National Lottery funding to involve Scottish young people in heritage
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National Lottery funding to involve Scottish young people in heritage

13/07/2017

Young people in Scotland will be shaping the future of the country’s historic collections. National Lottery funding of £776,000 has been awarded to National Museums Scotland and £868,600 to the British Council to lead projects which will empower young people to change the face of heritage.


As creators, decision-makers and trainers, the young people will be devising and testing fresh approaches to exploring the country’s incredible heritage collections so that their peers are inspired to join in. Whether through stories, crafts, dance or social history, exploring heritage provides a unique route to intercultural understanding. With young people at the helm, new events, interpretation and technological innovation will make those messages relevant to today. 


The money has been awarded through HLF’s new Kick the Dust programme, HLF’s pioneering new grant programme distributing £10m from the National Lottery to youth organisations across the UK. At its core is a group of young Heritage Ambassadors, who are on a mission to ‘stir up heritage’, and have helped advise on how the money should be allocated. 


HLF’s Heritage Ambassadors played a major part in allocating the grants. The 17 young people aged 16-25, recruited from across the UK to work with HLF on making heritage more inclusive for people of their age group, advised HLF’s decision panel on the projects they found to be most useful and appealing. 


Eleanor Styles, Heritage Ambassador from Edinburgh, said: “It has been a brilliant experience learning how grants are awarded, and helping HLF to allocate £10m to projects involving more young people in heritage. I’m thrilled that two Scottish projects have won funding, as we found the National Museum of Scotland and British Council’s plans to involve young people in both Scottish and wider cultural heritage especially appealing.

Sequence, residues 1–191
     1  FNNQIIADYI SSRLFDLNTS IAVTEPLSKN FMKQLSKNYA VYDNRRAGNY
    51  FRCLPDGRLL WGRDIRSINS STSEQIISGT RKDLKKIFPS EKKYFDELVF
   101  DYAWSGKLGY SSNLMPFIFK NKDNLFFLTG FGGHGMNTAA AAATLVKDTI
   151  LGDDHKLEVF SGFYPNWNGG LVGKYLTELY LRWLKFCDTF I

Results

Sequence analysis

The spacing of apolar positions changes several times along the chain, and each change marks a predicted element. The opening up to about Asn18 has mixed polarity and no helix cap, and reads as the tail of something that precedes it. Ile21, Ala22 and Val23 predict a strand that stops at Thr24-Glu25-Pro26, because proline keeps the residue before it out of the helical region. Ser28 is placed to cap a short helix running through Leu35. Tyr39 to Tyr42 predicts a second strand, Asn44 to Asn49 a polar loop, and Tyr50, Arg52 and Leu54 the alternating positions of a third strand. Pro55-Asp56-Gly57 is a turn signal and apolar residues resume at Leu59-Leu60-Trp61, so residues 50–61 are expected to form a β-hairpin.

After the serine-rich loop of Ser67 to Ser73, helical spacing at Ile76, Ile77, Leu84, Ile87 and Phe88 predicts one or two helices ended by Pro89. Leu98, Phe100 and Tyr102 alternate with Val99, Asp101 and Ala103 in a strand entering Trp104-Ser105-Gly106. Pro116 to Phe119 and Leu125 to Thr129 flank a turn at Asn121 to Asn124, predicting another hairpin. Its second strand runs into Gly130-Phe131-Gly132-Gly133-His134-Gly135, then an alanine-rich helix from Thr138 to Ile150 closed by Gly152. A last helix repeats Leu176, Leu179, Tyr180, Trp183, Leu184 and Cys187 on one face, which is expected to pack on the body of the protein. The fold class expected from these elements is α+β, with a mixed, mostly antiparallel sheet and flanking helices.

“Making heritage easier to participate in for more people my age is very important to me, and I’m looking forward to seeing how the projects progress in the future particularly as Scotland celebrates the Year of Young People next year.”

Ruth Gill, Director of Public Programmes at National Museums Scotland, said: “We are absolutely delighted to receive such generous support from the Heritage Lottery Fund for this project. 


“Kick the Dust will enable us to engage young people across Scotland with their heritage. We are delighted to be working with and learning from the expertise of our partners, Young Scot and Project Scotland, and other specialist agencies. I am hugely excited about the possibilities for this project both for our young participants and for the future of our heritage and national collections”.

  

The British Council’s project, Our Shared Cultural Heritage, will engage young people aged 11-21 and focus on shared cultural heritage between the UK and South Asia. It will be delivered in Glasgow and Manchester by the British Council and a consortium of heritage and youth sector organisations including Glasgow Life, Manchester Museums and Galleries Group, Rathbone and Ambition.


Councillor David McDonald, Chair of Glasgow Life and deputy leader of Glasgow City Council, said of the project: “Our Shared Cultural Heritage will amplify the voices of young South Asian Glaswegians living across the city and create fantastic opportunities to improve intercultural understanding and engagement between our youth communities. We’re looking forward to supporting Glasgow’s young South Asian audiences through this wealth of cultural heritage and by sharing histories and exploring topics such as identity and social cohesion over the coming three years.”


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